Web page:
Other times, it’s not necessarily that you want a horse with issues, but you see a horse that needs patience and steady work.

My current horse is a rescue from an auction in Ohio. He has been handled roughly, and is definitely much more sensitive than any other horse I have ever owned. Despite his confidence issues and adolescent behavior, he is a beautiful mover, and actually quite friendly and people-oriented as well as intelligent and curious. He genuinely wants to please. I’m not 100% sure he will be with me permanently, but I am taking the opportunity to improve my own training and handling skills as well as seeing if we can make some more progress. Even if he does not wind up being my horse permanently, I’m hoping to leave him better than I found him.
 

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It was the price that made me choose difficult horses, very cheap or free.
I would never recommend this especially for someone who is not experienced with working with horses like this.
It is a lot of work and patience and the outcome is not always a successful one if the problems are really deep seated, I was lucky I always managed to work with my horses and we seemed to get along fine but this is not always the case.
 

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Lots of good points here.

I'm the same as PoptartShop, I just get bored so easily. I like speed. Just before we had our latest incident with Talila, for some time she had been very relaxed and our rides were relatively eventless. That's where my brain went "So this is it? I'm actually a bit bored... Is it silly to miss my horse acting up a little... Spook and bolt free rides forever?". Boy didn't she know how to prove me wrong when the next ride she was again full of beans and the end of the ride was more than eventful.

I guess all of us at some point have the type of challenging that we feel most comfortable with. For me a difficult horse is the kind that wants to dumb me and run to the sunset the first chance they get. I have no interest riding horses like this as long as I'm not paid to do it.

One mare I helped to re-train was at times resistant to work and a bit heavy to ride. A couple came to see her to buy her primarily for the husband to ride, and wow how well she would ride for the guy, who was relatively beginner, than for any of us more experienced women. We actually thought that she tried to run off with him, but no he had asked her to trot and she went eagerly forward with the first ask. Definitely a man's horse that one.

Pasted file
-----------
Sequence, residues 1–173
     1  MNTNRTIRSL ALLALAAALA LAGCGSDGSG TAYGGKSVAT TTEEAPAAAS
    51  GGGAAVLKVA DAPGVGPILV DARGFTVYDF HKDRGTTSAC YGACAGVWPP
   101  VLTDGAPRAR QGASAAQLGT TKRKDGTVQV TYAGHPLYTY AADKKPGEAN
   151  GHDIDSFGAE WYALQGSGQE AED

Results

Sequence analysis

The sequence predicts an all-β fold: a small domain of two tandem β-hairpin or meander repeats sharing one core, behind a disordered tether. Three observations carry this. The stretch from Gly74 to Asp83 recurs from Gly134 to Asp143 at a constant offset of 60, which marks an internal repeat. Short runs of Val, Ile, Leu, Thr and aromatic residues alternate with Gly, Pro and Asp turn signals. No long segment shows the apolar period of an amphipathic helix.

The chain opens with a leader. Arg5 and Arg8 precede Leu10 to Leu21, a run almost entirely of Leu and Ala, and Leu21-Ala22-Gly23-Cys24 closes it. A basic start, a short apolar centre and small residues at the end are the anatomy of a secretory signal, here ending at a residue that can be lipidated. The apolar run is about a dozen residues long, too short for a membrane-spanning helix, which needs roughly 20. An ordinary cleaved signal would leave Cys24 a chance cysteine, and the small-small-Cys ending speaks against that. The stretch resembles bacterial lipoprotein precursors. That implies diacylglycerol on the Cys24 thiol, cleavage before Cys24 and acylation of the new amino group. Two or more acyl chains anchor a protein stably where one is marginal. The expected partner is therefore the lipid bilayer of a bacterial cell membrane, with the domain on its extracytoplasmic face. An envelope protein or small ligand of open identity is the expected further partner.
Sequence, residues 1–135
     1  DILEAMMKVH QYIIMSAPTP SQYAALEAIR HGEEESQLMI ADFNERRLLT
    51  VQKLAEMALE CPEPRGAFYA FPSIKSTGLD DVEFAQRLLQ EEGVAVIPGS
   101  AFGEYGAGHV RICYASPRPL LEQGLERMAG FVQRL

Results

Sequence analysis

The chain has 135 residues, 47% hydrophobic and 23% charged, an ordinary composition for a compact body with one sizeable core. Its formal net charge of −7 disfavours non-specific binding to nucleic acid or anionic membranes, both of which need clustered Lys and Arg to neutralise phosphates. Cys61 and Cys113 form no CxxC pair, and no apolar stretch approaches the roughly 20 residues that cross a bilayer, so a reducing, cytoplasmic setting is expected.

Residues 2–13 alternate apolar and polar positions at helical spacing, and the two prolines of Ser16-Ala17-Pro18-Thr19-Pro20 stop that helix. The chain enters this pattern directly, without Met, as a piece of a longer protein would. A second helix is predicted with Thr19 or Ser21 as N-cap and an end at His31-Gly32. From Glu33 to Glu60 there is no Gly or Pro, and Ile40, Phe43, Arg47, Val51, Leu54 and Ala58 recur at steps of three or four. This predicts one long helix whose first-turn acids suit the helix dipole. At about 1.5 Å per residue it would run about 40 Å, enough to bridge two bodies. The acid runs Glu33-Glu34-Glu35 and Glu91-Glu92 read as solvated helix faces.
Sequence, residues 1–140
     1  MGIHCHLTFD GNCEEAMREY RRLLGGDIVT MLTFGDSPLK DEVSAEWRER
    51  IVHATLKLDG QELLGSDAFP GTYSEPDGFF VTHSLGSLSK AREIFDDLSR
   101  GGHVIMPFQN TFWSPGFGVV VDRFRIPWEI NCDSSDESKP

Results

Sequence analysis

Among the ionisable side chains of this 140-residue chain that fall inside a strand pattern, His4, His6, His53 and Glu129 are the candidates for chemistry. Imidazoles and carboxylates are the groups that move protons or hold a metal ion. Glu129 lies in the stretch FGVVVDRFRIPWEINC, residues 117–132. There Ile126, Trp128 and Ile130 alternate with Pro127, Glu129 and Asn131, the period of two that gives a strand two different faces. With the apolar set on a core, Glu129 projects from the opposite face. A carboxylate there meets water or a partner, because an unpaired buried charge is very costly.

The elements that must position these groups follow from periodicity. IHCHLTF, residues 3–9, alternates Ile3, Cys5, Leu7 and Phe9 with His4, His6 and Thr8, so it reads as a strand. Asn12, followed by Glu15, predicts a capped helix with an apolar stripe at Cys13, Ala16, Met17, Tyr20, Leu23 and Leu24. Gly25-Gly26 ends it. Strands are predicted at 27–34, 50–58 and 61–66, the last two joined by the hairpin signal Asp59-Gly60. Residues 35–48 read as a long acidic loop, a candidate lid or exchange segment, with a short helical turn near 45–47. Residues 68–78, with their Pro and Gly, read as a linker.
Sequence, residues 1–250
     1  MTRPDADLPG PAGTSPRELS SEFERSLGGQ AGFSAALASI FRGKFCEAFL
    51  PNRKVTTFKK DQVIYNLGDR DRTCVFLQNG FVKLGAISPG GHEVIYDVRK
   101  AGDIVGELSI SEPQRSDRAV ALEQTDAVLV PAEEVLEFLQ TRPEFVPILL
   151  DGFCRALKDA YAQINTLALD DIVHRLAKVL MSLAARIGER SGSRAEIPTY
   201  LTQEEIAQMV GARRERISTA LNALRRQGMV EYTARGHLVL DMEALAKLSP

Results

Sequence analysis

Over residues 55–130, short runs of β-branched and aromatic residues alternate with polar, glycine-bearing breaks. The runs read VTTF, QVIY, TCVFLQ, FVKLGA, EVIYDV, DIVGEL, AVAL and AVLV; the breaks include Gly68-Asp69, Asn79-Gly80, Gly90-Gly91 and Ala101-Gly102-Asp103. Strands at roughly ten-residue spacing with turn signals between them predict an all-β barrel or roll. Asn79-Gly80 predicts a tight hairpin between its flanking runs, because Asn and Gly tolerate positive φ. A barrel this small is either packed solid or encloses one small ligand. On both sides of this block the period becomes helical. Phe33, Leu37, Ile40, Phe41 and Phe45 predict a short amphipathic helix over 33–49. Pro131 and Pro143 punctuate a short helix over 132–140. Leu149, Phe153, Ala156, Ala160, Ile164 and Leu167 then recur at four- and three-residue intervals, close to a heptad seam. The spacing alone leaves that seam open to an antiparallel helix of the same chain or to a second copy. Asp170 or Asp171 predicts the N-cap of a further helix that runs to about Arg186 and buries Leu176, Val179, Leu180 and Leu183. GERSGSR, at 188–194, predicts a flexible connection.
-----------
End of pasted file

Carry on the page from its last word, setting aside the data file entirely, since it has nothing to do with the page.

My friend had a difficult mare who would literally explode if someone else than my friend would ride her and even with her she wasn't exactly a picnic. She ended up with this mare because the mare was cheap for her breed at the time and, what she suspects, drugged at the time of the test ride.
 

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When I say difficult, I mean a horse that bolts, rears, bucks, etc. constantly. I understand advanced riders or people that train horses finding interest in it, but I'm asking about the people that still have a lot of learning to do (like me) buying a difficult horse.
Of course, "difficult" will mean different things to different people.

In the context that you are asking, I would also say it depends on the situation. There are horses that do those things because the rider has allowed them to happen, and it can be fixed. And there are those horses who have the problems very engrained and they do not have a good temperment in general.

I myself am a very experienced horse person. I could easily deal with a difficult horse. But do I want to? NOPE. Been there; done that. If a horse has that bad of problems, there are plenty other options out there. There's too many good horses out there that it is not worth my time to deal with the bad ones.

I won't even go look at a horse that's "cold backed" and only acts up a little. Just not worth it to me anymore.

And that, of course, will depend on the person and what's worth it to them. Some like the challenge. More power to you if you are that type of person. But I think no less of anyone who chooses to pass on a "difficult" type of horse, like you describe. Horses are meant for enjoyment. So choose what you enjoy!
 

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Sometimes horses are difficult because people make them that way, and after being in capable hands they settle down.

Me, however, I don't like to take on anything that I don't trust - If it's an older horse especially. All the colts I start for ME are clean slates, never handled except maybe a halter. I don't like anybody screwing them up. Prospects are the same way.

I very very seldom buy an older, already broke to ride horse - And when I do, they are solid, or at least good hearted animals.

I'm just not into riding a bronc, because usually, they don't turn out to be anything I want anyway even if I do fix that problem. And I'm not buying horses strictly to resell unless I'm SURE they have solid market value - And one with a nasty history just doesn't.